SILVER SPRING -- Maryland plans to sue the nation's tobacco manufacturers to recoup the almost $50 million it spends annually treating smoking-related illnesses among the poor, the governor and attorney general announced yesterday.
At a news conference at Holy Cross Hospital, the two said they have launched a search for private law firms that would handle the suit -- and its hefty costs -- in exchange for a portion of any winnings.
When the lawsuit is filed, probably in the spring, Maryland would become the fifth state to sue cigarette companies to recover money spent treating smoking-related illnesses under the Medicaid program. Since May 1994, Mississippi, Minnesota, West Virginia and Florida have filed similar lawsuits based on individual state laws.
"The tobacco industry should have to be held accountable," said Gov. Parris N. Glendening, an opponent of smoking whose mother died of tobacco-related lung cancer.
"The taxpayers should not have to pay the medical costs of people who were made sick by an industry that refuses to accept the responsibility for its actions," he said.
Mr. Glendening noted the decision to sue comes, not coincidentally, at a time when Congress is seeking to slash Medicaid funding to the states.
The governor estimates that Maryland could lose up to $2.8 billion in those funds over seven years, forcing it to make painful cuts affecting senior citizens and others. Given those choices, "we're wasting this money fixing the damage the tobacco industry has done" to ailing smokers, Mr. Glendening said.
But a tobacco company spokesman said this type of lawsuit serves merely to enrich the lawyers who file them.
"Our view of these Medicaid suits is that they are at best misguided efforts to gain a quick fix to a much larger problem of rising health care costs in the states," said Joe Helewicz, spokesman for Brown & Williamson Tobacco Corp., maker of Kool cigarettes.
Philip Morris U.S.A., which makes Marlboros, said Maryland would lose any suit it filed. "The state has no viable legal basis upon which to sue the cigarette manufacturers," the company said in a statement last night.
Eric Gally, president of the Smoke Free Maryland Coalition, praised the state's decision, saying the money it recovered could pay for cancer prevention and neonatal programs.
Attorney General J. Joseph Curran Jr., who has been considering such a suit for more than a year, said he decided to take the step of seeking outside legal help in order to save money.
He wants private law firms to bear the "astronomical" costs of the case, which could take years to resolve, he said. "We simply are spread too thin to take on a case like this by ourselves. We don't have the money," he said.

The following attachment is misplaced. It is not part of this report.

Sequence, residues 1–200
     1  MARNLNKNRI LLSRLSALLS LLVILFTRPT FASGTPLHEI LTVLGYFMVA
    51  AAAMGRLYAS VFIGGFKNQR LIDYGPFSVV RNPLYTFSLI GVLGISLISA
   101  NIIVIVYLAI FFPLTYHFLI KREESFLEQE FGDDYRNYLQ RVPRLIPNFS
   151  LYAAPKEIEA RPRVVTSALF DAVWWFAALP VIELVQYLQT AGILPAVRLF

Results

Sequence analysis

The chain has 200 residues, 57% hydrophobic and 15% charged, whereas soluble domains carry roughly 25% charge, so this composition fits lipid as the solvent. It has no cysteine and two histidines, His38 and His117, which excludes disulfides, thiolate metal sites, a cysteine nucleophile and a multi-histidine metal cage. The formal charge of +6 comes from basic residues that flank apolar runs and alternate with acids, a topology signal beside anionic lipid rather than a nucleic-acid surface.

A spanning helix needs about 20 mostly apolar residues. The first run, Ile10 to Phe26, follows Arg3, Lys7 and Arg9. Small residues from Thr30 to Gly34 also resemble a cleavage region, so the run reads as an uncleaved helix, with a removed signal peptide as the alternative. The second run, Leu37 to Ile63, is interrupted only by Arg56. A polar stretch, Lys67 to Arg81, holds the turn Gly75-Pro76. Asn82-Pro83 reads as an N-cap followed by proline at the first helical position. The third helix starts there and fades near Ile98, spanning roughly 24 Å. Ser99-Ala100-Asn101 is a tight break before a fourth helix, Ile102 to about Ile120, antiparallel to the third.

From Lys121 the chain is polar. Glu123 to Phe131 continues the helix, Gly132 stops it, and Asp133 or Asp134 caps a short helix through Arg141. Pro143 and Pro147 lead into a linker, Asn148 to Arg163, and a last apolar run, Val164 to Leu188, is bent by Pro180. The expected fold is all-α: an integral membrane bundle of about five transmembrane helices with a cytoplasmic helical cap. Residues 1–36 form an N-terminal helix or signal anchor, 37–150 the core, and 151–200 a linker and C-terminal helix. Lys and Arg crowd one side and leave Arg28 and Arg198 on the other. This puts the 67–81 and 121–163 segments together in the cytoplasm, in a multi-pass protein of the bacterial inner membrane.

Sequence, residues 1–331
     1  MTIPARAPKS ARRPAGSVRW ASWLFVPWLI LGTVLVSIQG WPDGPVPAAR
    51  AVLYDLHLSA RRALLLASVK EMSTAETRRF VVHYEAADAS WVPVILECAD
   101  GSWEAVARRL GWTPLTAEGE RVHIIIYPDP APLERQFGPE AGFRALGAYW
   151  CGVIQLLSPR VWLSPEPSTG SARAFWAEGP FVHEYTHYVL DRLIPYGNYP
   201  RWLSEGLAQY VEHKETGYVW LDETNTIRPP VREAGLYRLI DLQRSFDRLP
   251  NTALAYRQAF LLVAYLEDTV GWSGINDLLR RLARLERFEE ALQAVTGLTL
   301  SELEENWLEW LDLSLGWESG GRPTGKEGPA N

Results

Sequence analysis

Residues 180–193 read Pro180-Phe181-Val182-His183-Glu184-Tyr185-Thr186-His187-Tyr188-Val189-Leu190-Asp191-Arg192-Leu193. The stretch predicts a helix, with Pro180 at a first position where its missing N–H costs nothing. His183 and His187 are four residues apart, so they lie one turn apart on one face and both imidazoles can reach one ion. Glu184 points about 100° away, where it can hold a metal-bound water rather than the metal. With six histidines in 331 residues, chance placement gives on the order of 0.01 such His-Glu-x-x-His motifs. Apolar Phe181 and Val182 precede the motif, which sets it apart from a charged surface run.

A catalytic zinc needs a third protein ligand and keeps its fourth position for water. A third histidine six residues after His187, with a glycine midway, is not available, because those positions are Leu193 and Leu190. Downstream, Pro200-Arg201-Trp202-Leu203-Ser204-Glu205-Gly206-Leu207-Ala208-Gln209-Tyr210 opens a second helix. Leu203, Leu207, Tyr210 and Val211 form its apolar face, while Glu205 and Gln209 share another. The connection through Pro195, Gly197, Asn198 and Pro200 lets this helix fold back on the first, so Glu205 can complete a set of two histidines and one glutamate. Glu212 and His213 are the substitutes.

Nonetheless, Mr. Curran said that he would remain in control of the suit, which might allege violations of consumer protection law.
His office sent more than 100 requests to major law firms around the country yesterday asking for proposals on their fees and how they would handle the case.
The Baltimore law firm of Peter Angelos, which has won cases for workers against asbestos companies, is already interested. would hope very much to be involved in such litigation," said H. Russell Smouse, a senior attorney.
Mr. Curran acknowledged that the tobacco industry has a long record of beating back lawsuits, as well as more money than state governments to bring to the fight.
In the hundreds of cases filed against tobacco companies in the past 40 years, the industry has almost always won, experts said.
But Mr. Curran said that recent disclosures have made cigarette companies more vulnerable to such suits.
Internal documents made public in the past few years show that the tobacco industry knew nicotine was addictive as early as the 1960s. Attorneys believe those and other disclosures will enable them to win.
"We're very confident that when these cases get to actual live juries, that their focus will be on the conduct of the tobacco industry, and if they look at the conduct, they will deem it to be very gross, serious misconduct over all these years," said Edward L. Sweda, senior attorney with the Tobacco Products Liability Project at Northeastern University School of Law, which acts as a resource and monitors anti-tobacco suits.
In Minnesota, for instance, the state is using consumer fraud, deceptive advertising and antitrust laws. Joe Loveland,
spokesman for the Minnesota attorney general's office, said that tobacco companies ran advertisements in 1954 in local papers announcing that they were going to investigate smoking and a possible link to cancer, and report their findings to consumers. But they never kept that promise, Mr. Loveland said.
Blue Cross and Blue Shield have joined the Minnesota suit as co-plaintiffs, seeking to recover money for the higher rates their members pay to cover the costs of tobacco-related health problems.
Like the other states, Minnesota is using private attorneys.
None of the lawsuits is expected to go to trial for months.